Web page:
When you are running a website, one of the worst things that can happen is a crash. The site goes down, none of your members can access anything, it’s a total disaster! My worst nightmare. As a member of our small IT team, my colleagues and I work hard behind the scenes to ensure a smoothly running website. If we are doing our job properly, you won’t even realise we are around, and that’s a good thing. But every now and then we do get noticed. And not in a good way.
Last week I crashed the site.
There, I’ve said it. Last week I, personally, all by myself, crashed the site. Most of you won’t have even known, because it happened in the wee small hours (since I’m in Australia, it was civilised working hours for me), but it most definitely happened. It wasn’t a virus, we didn’t get hacked, it wasn’t a power failure or a server failure, it was me. I am sure I gained several grey hairs that night, and I’m not positive my pulse rate has returned to normal just yet. It was my worst nightmare!!
Since you are reading this now, you’ll know that we managed to get everything up and running pretty quickly. With the benefit of hindsight I have to say that my worst nightmare was actually a very good thing. Not good that the site was down, but good because of what we learned about ourselves, our members and the technology. I discovered that one little bracket in the wrong place can cause an entire site to be completely unusable. I learned that keeping copies of everything as I go is not obsessive but essential. I learned how to get help and who to call. And if I make the same mistake again (which I hope I will not!) I learned how to fix it myself. I learned a better way of doing what I was attempting so I will not crash the site next time. I learned that if not for that rogue bracket I was completely on the right track.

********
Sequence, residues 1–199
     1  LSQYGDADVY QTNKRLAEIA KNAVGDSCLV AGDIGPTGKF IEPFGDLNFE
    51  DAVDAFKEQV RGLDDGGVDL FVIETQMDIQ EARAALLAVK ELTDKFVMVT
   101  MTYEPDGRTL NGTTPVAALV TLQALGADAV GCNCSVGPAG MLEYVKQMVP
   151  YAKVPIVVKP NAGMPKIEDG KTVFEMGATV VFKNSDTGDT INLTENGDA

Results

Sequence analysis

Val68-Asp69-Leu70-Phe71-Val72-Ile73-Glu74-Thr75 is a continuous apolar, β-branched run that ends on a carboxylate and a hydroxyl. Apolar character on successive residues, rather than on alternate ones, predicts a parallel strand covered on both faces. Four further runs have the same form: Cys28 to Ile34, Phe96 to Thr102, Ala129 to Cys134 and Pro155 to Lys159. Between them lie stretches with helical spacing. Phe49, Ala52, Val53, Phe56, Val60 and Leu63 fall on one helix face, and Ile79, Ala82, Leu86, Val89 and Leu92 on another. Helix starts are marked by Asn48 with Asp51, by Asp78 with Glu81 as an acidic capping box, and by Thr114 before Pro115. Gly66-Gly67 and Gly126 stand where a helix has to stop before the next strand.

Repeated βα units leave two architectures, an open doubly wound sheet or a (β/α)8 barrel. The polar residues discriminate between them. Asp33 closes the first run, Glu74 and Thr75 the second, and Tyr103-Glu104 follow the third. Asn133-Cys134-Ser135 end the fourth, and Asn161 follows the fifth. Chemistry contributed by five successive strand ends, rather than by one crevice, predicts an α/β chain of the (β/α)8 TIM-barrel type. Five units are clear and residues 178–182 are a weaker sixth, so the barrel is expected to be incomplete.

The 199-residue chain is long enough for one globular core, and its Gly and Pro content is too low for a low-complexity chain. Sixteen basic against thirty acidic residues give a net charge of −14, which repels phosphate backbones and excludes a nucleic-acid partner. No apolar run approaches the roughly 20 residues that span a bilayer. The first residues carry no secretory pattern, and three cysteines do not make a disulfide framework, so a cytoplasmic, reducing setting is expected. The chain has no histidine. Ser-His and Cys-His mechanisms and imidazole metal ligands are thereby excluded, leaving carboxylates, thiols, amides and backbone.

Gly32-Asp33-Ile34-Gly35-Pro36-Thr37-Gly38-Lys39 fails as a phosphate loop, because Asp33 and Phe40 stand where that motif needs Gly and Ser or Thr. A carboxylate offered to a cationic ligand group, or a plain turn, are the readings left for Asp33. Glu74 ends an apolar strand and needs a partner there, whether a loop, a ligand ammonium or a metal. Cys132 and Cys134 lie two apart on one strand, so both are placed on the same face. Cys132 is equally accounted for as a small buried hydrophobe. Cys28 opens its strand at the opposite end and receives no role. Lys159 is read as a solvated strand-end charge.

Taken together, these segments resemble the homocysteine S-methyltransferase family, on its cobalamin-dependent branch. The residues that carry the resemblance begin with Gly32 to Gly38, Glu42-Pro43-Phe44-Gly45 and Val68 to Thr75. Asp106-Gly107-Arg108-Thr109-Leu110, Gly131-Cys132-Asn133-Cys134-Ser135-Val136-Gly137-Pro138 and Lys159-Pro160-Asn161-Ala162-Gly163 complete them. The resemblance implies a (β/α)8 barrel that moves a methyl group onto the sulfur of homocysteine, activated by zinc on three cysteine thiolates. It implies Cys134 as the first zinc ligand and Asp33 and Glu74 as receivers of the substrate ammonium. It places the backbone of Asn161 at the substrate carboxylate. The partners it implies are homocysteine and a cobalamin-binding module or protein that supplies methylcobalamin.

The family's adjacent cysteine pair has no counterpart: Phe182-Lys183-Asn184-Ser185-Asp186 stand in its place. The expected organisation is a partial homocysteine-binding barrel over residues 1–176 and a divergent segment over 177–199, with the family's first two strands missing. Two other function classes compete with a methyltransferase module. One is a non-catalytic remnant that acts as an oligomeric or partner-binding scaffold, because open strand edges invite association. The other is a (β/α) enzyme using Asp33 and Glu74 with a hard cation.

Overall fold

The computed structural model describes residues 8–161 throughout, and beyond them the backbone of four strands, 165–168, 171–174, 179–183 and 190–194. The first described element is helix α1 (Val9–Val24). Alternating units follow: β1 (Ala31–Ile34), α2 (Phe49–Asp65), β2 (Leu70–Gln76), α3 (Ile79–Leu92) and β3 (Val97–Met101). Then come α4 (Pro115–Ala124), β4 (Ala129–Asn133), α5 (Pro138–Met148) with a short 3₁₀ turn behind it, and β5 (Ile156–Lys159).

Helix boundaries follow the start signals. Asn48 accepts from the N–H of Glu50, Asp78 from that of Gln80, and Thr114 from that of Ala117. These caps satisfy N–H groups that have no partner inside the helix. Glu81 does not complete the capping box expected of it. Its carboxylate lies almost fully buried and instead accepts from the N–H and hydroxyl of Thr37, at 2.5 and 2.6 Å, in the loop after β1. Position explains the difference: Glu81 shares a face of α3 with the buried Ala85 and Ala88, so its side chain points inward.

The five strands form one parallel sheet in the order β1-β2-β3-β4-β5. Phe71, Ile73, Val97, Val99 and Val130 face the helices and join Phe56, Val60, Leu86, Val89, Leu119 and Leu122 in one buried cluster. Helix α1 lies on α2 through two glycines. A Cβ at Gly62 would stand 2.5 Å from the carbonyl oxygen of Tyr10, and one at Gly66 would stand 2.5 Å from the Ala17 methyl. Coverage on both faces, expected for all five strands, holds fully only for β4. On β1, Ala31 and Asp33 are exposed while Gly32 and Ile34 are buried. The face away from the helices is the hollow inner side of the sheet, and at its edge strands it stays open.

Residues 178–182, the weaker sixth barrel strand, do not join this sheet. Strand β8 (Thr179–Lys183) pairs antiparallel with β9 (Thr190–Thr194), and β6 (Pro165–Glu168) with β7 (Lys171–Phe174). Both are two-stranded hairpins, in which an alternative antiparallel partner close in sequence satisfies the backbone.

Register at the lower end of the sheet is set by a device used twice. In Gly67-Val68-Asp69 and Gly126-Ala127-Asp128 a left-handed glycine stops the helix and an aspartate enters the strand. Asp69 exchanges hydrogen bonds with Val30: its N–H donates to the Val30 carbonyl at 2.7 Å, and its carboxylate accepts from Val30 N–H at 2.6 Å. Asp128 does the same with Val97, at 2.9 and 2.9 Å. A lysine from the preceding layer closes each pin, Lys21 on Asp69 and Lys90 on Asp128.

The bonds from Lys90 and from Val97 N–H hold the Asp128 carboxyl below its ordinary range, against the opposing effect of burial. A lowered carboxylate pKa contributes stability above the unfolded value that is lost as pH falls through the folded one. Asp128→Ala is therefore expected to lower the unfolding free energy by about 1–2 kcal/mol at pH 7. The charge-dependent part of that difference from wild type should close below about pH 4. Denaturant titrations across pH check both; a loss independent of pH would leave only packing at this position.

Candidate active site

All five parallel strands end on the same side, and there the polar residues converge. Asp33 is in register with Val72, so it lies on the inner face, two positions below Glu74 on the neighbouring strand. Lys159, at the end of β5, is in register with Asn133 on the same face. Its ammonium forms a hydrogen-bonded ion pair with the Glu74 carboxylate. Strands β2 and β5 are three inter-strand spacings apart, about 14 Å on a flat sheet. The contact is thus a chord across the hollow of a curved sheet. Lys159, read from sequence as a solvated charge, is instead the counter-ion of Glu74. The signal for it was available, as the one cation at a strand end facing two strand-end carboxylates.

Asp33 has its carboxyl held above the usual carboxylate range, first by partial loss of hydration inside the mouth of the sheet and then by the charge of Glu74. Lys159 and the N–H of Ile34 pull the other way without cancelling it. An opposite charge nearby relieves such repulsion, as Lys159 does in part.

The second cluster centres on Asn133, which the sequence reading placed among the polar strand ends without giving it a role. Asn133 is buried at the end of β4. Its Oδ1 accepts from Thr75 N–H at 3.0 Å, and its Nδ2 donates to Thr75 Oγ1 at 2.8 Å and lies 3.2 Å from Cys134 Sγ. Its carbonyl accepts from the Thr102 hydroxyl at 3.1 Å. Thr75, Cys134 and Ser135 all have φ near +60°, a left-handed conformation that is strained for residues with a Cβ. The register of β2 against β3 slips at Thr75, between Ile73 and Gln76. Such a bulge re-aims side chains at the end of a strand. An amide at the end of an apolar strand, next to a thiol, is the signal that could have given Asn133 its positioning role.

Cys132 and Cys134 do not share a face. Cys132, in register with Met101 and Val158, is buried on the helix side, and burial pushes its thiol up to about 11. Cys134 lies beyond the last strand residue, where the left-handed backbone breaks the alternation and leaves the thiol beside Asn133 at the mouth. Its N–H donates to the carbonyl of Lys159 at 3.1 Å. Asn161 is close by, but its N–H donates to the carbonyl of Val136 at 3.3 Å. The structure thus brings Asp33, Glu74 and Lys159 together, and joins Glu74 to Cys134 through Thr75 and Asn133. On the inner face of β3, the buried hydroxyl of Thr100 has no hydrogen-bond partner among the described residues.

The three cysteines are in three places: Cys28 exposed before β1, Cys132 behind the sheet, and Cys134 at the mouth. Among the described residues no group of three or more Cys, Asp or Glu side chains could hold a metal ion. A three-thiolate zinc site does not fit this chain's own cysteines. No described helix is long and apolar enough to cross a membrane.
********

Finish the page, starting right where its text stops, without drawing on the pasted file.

Learning by your mistakes is a hard way to gain knowledge. But I can guarantee that experience will stay in my mind for a lot longer than if I had got it right first time. I was stretching myself way beyond my comfort zone, and having to admit to myself, my team mates and our members that I stuffed up was not my idea of fun. But if I don’t keep stretching, pushing the boundaries, trying and failing, then I might as well just give up now. I didn’t enjoy the experience, but I wouldn’t have traded it for anything!
In the words of a few smarter and more experienced people than I:
A failure is a man who has blundered, but is not able to cash in the experience. ~Elbert Hubbard
“I have not failed. I’ve just found 10,000 ways that won’t work.” ― Thomas A. Edison
“Science, my lad, is made up of mistakes, but they are mistakes which it is useful to make, because they lead little by little to the truth.” ― Jules Verne
“The only real mistake is the one from which we learn nothing.” ― Henry Ford
and my personal favourite, from J K Rowling, who famously was rejected by no less than 12 publishers before someone agreed to produce the first Harry Potter book:
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